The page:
As a genealogist, I have my fair share of copied and printed material that range from family history books and stories to documentation. I am fine with most of the material simply being stored as digital images of the work; however, there are situations where I prefer to take the document and turn it into a Word document (doc) for easy distribution and sharing. In these instances, I use Optical Character Recognition (OCR).
Recently I scanned a journal that included photos, histories, and related material for several generations. Much of the text was type written. After I scanned each page
- I used my image editing software to separate the photos and save them as separate files.
- Then I imported the images into OCR software from which I was able create a word document.
The OCR function software recognized 98% of the text. According to my calculations, the time it would have taken me to transcribe the journal was cut by 95%.
In another situation, I had thirty family histories (each having two to three pages) that I had in my files which were copies of copies from the 1960s. After I scanned the histories, I imported them into OCR software which recognized over 95% of the characters, even though they were faded. I was able to correct the text and use the spelling check function located right inside of the OCR software.
The most common OCR programs are Omnipage and Textbridge. The automatic mode in these software programs is fairly foolproof—but not infallible: accuracy will depend upon the quality of the original document. OCR tries to match the font and layout but it probably won’t be exact and you will need to check the spelling after you have saved the scanned text as a Word (or equivalent) document. You may also need to remove unnecessary tabs if your OCR program installed them. Just remember that the above problems are still better than typing a document from scratch.
Most scanners come with some level of OCR software. A basic OCR package will usually block out text on a page (to distinguish it from any photos or other non-text elements) and will automatically translate it. The software should be able to reasonably imitate the typefaces used on the page (for example, keeping headlines larger), separating paragraphs, outlines, etc.
More complex OCR software will allow users to specify exactly which areas of a scanned document should be converted into text; or will be able to convert other languages in other alphabets, such as Russian, Hebrew, or Arabic.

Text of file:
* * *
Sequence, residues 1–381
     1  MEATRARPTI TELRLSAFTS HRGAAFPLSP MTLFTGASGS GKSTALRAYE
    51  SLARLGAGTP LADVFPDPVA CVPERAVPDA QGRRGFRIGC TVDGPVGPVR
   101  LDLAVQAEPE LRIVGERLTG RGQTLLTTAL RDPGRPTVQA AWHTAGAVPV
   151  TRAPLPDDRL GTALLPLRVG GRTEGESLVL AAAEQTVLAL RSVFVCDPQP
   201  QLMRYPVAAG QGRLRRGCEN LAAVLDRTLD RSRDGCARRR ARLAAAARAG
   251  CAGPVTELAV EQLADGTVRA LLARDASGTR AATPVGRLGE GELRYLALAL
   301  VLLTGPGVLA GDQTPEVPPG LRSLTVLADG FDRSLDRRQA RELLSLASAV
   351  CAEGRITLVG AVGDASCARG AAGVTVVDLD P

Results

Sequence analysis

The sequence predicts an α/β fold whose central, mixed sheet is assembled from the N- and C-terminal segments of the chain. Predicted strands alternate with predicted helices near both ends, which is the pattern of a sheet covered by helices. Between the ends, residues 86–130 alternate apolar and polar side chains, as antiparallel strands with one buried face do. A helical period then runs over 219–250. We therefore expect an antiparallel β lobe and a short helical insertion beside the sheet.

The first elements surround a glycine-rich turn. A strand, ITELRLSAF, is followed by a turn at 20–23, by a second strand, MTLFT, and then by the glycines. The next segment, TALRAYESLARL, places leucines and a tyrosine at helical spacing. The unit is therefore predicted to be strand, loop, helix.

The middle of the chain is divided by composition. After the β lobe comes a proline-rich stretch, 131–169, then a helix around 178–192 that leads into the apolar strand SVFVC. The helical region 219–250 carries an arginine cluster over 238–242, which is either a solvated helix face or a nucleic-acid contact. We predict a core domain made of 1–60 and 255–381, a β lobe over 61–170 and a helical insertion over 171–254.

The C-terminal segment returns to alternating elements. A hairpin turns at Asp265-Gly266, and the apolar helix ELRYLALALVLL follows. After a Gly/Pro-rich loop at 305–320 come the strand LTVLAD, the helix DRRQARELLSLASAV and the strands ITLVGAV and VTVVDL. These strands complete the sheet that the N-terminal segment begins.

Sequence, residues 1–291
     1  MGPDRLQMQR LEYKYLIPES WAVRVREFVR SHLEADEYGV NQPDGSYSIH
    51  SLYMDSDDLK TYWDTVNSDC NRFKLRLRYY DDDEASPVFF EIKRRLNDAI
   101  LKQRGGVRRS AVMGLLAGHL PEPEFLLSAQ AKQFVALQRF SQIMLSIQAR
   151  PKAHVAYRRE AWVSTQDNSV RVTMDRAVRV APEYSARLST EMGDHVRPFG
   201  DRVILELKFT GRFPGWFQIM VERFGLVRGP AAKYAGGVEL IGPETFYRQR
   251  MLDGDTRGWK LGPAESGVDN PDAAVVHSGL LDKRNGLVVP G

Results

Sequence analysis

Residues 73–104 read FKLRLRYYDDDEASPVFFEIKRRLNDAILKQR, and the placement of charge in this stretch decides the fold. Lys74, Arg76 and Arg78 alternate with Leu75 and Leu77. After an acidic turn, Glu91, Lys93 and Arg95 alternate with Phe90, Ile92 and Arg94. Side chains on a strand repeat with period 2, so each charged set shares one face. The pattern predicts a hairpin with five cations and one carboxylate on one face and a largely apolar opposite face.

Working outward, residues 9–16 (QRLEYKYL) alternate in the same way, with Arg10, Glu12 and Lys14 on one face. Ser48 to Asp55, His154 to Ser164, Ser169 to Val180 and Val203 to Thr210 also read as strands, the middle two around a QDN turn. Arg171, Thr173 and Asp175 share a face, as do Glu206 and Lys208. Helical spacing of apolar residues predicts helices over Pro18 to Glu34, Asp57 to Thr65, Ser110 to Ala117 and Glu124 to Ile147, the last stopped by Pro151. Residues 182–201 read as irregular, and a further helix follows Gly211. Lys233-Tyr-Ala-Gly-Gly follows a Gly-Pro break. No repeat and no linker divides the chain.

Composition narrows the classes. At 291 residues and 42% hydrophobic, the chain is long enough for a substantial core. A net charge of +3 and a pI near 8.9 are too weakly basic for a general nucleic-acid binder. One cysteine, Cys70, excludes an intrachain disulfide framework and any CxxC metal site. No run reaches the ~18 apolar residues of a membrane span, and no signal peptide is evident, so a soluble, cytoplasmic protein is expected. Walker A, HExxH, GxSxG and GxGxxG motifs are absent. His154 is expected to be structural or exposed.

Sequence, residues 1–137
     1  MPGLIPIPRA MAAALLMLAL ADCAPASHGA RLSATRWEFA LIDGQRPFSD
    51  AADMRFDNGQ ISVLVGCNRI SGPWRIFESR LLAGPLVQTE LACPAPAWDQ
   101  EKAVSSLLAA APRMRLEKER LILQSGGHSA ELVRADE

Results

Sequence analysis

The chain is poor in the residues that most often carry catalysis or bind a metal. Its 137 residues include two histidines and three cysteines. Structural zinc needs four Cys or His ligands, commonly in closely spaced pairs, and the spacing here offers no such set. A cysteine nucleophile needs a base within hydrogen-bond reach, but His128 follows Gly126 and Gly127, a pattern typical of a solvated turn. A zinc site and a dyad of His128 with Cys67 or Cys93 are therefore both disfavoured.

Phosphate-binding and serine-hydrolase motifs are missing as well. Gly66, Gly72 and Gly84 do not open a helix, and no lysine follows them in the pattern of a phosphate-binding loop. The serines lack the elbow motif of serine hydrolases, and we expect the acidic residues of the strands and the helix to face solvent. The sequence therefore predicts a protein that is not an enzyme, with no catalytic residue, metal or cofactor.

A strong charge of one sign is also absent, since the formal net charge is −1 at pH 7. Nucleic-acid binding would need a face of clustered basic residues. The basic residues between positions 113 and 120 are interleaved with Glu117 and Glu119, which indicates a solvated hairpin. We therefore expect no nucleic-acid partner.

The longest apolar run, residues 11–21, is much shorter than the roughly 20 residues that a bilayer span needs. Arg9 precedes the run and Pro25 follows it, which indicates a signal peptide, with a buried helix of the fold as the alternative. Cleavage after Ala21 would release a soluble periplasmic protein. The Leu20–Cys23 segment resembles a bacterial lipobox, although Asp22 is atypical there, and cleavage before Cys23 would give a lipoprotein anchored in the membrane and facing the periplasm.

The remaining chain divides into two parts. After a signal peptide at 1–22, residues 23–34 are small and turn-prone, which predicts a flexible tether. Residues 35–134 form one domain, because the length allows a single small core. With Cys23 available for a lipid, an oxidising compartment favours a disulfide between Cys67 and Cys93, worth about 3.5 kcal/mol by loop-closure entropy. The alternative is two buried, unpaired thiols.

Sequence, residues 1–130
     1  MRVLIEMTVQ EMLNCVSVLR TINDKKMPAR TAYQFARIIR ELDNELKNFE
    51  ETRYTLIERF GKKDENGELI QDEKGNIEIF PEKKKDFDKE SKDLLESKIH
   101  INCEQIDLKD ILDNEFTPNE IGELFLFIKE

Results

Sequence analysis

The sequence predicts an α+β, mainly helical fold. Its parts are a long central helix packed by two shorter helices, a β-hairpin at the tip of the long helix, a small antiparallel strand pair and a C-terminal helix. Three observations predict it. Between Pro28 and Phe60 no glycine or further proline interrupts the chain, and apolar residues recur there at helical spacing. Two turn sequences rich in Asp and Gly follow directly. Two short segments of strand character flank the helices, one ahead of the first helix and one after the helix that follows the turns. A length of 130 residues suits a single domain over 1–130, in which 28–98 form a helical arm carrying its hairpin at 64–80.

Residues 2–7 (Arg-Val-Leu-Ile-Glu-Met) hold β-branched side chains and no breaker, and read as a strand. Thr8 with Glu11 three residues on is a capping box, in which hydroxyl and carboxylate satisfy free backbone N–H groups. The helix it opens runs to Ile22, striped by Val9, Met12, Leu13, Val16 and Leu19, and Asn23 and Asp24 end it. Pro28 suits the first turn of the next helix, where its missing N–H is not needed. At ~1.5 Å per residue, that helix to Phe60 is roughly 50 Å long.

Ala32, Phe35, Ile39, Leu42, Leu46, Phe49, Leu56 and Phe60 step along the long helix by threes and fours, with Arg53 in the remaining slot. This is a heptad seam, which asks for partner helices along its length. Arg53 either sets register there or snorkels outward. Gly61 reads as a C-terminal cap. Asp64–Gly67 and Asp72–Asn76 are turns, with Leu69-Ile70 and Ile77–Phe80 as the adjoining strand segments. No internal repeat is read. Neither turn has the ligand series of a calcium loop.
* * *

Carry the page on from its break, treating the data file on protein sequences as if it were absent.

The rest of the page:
A few OCR tips
When you use OCR, you can scan and save documents and then import them into the software, or you can scan the document directly into the OCR software. For example, after you open the OCR program, put the first page in the scanner and click on the “Auto” button. The program will first scan the page as an image—then the OCR magic begins. When all the text from the first page has appeared (mistakes and all), put the second page in the scanner and press Auto again . . . and so on, until you have finished scanning the entire original. Note: there is usually a limit to the number of pages you can hold in memory but you do not want separate documents for each page.
Now you must go to the “File” menu and select: Save As. Choose Word doc or equivalent. You can now use Word to open the new document and start cleaning it up.
The following are a few tips on how to more effectively use the OCR:
- Align the text to be scanned squarely on the scanner. Lines of text that run uphill or downhill have higher error rates.
- Start with a good original. Is the paper wrinkled? Try ironing it (warm, not hot iron) or pressing between heavy books. Also, erase any smudges.
- Photocopy text that curves into the binding of a book. Text that curves into the binding of a book has higher error rates. You can improve this in some cases by photocopying the page and then scanning the photocopy.
- Photocopying may help originals that are on thin paper. Photocopying may also help originals that are on thin paper when there is printing on the reverse side. Sometimes the ink on the reverse side is read by the scanner, and confuses the OCR process.
- Make the scan the best you can. Make sure the scanner bed/glass is clean, smudge-free. Keep the document straight and even, so you don’t end up with a “skewed” image. Adjust the color/contrast/brightness to ensure the text is dark and the background is light/white and free of “artifacts” (such as a pattern in the paper. Scan at 300dpi or better.
- Error rates will rise with some letter forms. Error rates are higher when letterforms degrade (as with poor photocopies), or when the original is of poor quality (like copy produced on onion skin with a typewriter that has a clogged “E”).
- Turn one document into many. If you have a later version of OCR software, try breaking the scanned original down into smaller chunks (crop out non-text elements or save columns of text as individual images) and run your OCR software on each part separately. You’ll lose formatting but gain a more accurate text document. You can avoid this problem by investing in newer OCR software, which is getting better and better at retaining formatting of forms and tables. Knowing the benefits of updated OCR programs may give you the incentive to trade in your old OCR software for some newer OCR software solutions.
- Proofread. No matter how accurate the program, all are fallible. Proofread, proofread, and proofread the finished document.